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One of the keys to IDP leagues is knowing your scoring system. They are sort of like dates, whether it be a guy or girl, they all have the same two chromosomes, but they can all be vastly different. If you’re just starting out playing in an IDP league this is the most important thing to know before you draft. Your rankings will be highly dependent on the scoring system so do not go into it blindly with some list of rankings.

The scoring for IDP generally breaks down into three categories, similar to standard and PPR scoring for offense, and they are based on the ratio of points given to tackles and “big plays”. Balanced scoring systems will have a ratio of big play to solo tackle points of 3:1 to 4:1.  If it’s above 4:1, the scoring is considered ‘big play heavy” and if it’s less than 3:1, it’s “tackle heavy”.

I’ve played in an IDP league for about 15 years and it’s big play heavy.  So what I’ve done is look at two other scoring systems and compared the players who finished 1-25 in my league with how they would finish in the other scoring systems.  It’s obviously not the complete picture, but it gives you an idea of the types of players that are favored in each format. I used the scoring from Fantasy Pros to use as our “tackle heavy” format as their big play to tackle ration is a little less than 3:1.  For the balanced approach I used the IDP 123 system from Expand the Boxscore’s Jordan Rains.  The scoring categories included are Solo Tackles, Assisted Tackles, Sacks, Forced Fumbles, Recovered Fumbles, Interceptions, Passes Defensed, and TDs. Each player’s stats are from MyFantasyLeague.  The scoring systems points are in the chart below.

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If you’ve never played in an IDP league you probably have one major question. When do you start taking defensive players in your draft? With July’s arrival the fantasy draft season starts to ramp up and we can take a look at early ADP. The linebacker position is your bread and butter when it comes to consistent fantasy scoring and finding value here can allow you to take a top defensive lineman early in your draft.  

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As we all know there are many ways to skin a cat and drafting your fantasy football team is no different. Don’t draft a QB early. Zero RB strategy. Grab at least 2 RBs in the first 3 rounds. Which one is right? Well the one that wins of course as each season presents us with different options depending on trends in the NFL. With IDP leagues becoming more and more popular and many trying them out for the first time, what are some strategies that will help you win?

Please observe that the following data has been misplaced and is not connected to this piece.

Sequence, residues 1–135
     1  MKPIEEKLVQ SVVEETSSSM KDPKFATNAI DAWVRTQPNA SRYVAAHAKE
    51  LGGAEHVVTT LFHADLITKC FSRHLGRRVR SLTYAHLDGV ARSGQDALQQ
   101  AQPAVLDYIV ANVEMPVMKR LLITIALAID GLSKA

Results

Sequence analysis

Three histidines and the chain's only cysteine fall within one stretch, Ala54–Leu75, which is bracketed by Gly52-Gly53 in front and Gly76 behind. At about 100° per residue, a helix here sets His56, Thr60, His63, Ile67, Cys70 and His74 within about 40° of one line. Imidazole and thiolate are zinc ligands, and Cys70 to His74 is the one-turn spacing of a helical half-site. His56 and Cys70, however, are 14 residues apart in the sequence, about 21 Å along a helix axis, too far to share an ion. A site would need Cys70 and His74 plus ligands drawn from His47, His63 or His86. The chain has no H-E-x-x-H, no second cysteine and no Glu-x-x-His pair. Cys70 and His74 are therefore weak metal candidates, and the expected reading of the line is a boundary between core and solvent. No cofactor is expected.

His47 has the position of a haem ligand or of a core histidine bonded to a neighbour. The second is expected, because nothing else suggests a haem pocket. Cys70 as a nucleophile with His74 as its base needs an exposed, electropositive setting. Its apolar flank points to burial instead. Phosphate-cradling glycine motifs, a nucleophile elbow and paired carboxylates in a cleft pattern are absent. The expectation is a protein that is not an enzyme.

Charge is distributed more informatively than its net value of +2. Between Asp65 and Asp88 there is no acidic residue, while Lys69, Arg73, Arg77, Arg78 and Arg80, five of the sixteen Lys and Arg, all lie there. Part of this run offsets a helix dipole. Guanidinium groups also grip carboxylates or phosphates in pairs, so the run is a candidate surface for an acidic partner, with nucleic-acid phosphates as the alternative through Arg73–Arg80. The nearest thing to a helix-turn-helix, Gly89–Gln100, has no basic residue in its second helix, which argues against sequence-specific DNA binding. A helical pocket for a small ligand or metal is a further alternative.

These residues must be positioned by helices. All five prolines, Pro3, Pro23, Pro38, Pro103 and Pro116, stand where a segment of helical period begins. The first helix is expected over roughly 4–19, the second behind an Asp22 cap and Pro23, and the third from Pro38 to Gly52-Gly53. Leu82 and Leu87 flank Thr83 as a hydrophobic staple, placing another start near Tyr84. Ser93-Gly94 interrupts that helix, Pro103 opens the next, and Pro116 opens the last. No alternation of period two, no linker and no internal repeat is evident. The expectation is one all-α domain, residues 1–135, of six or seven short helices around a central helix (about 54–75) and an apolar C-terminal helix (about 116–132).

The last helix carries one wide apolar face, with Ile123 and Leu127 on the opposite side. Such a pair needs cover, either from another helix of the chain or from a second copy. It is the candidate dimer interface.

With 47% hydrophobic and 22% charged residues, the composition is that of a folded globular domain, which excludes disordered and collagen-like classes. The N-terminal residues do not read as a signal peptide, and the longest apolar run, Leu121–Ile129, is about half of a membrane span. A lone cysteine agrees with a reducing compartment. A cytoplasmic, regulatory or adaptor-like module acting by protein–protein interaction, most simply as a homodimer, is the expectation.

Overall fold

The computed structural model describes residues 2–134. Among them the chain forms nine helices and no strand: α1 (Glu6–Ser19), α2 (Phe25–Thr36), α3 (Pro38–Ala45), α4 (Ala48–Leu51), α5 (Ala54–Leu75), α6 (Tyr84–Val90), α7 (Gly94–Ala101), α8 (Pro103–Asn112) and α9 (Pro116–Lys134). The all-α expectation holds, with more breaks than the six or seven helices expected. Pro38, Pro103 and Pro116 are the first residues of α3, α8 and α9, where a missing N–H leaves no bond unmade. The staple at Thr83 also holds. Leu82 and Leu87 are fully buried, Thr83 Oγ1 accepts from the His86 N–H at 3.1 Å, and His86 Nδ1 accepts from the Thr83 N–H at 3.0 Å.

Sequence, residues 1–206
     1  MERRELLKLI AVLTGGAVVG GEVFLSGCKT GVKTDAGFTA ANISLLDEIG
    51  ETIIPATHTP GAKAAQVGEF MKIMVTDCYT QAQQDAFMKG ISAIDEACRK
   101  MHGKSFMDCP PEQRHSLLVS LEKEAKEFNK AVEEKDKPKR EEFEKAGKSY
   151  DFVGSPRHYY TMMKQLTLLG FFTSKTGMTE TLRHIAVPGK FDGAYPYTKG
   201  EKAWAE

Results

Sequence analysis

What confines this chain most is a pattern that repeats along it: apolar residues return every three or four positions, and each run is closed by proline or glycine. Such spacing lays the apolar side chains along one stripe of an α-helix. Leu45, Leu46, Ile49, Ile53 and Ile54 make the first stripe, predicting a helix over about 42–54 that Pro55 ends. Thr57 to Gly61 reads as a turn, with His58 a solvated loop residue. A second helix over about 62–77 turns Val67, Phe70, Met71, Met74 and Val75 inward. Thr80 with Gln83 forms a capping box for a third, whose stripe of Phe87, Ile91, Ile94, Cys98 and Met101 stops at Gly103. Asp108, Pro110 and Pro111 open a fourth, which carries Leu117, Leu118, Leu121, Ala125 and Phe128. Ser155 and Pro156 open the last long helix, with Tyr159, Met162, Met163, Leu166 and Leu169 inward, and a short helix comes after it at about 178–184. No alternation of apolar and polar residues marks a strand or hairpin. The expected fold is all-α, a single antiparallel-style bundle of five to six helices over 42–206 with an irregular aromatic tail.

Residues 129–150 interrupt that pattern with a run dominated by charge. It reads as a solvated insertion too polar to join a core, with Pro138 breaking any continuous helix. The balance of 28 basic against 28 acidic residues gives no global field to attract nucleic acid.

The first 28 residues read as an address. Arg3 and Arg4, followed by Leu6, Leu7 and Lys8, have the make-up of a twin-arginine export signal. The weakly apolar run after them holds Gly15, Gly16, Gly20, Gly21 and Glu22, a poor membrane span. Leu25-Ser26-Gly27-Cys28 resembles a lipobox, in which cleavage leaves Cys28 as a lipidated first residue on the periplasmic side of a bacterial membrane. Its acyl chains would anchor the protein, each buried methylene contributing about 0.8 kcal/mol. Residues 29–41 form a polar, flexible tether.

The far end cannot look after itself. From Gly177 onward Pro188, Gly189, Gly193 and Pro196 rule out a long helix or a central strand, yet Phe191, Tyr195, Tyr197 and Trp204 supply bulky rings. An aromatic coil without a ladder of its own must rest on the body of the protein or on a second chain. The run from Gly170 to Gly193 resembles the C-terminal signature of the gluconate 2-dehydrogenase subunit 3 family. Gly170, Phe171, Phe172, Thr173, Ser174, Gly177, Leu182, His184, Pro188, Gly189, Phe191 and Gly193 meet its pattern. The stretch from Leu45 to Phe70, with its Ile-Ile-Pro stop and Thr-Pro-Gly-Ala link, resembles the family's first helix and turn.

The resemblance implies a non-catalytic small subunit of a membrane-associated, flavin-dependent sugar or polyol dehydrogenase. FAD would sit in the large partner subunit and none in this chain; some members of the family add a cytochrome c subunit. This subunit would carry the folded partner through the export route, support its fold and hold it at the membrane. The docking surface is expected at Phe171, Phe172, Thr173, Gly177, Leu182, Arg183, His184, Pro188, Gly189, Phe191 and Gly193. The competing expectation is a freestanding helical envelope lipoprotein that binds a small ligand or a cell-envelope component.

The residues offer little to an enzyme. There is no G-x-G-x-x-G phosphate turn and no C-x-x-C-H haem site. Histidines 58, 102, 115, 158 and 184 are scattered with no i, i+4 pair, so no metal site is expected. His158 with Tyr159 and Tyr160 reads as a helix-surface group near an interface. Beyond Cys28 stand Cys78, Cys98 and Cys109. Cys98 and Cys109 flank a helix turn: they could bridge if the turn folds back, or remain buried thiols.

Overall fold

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Defensive backs are like the kickers of IDP leagues.  There really aren’t too many players that need to be picked early in your drafts.  They are also like tight ends after the first 5 or so where streaming on a week to week basis can be the way to go based on the weekly matchup.  Outside of some top end safeties who rack up tackles, guessing who will finish near the top of DB scoring is a crap shoot.  In tackle heavy scoring systems it’s a little easier to go after safeties, but in big play leagues, trying to predict who will garner interceptions, passes defensed, and sacks from this position is tough. A typical drafting strategy for DBs in IDP leagues is to wait and here’s why.

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Individual defensive player (IDP) leagues have been around for a long time.  I’ve been playing in one for over 15 years, but why are they so scarce?  “I don’t have time for that” “It’s too complicated” “Makes the draft too long” are the excuses you hear by those who don’t play in this format.  These excuses come from the same people who will play in a 50 round dynasty league in both baseball and football.  It’s not that difficult and adds a level of competition that goes beyond picking a team defense.  Your league can make it as simple or as complicated as it wants.  Start with the basics and tweak each year as the owners in your league get more comfortable with the format.